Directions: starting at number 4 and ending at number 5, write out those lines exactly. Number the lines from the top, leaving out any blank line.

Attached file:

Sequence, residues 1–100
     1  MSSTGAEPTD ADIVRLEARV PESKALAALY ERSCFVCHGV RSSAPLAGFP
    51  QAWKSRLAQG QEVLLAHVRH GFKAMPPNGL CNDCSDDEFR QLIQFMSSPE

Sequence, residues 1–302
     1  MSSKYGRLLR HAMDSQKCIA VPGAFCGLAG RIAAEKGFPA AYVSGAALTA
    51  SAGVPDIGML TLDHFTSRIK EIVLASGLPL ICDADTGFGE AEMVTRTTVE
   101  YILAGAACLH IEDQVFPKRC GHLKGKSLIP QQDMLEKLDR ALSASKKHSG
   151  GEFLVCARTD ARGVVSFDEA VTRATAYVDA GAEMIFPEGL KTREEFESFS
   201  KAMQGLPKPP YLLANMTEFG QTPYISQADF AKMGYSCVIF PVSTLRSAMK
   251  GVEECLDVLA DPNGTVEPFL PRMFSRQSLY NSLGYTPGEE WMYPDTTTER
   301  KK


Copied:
Sequence, residues 1–302
     1  MSSKYGRLLR HAMDSQKCIA VPGAFCGLAG RIAAEKGFPA AYVSGAALTA